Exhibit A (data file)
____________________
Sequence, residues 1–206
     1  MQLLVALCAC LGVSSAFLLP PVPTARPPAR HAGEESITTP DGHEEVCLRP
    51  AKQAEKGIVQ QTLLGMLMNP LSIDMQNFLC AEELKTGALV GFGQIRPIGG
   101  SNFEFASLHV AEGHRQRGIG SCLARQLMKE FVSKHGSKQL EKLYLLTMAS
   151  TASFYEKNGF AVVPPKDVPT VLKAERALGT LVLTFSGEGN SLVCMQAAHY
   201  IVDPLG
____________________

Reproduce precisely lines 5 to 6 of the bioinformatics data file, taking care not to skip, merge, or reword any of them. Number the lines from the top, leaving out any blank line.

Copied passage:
   151  TASFYEKNGF AVVPPKDVPT VLKAERALGT LVLTFSGEGN SLVCMQAAHY
   201  IVDPLG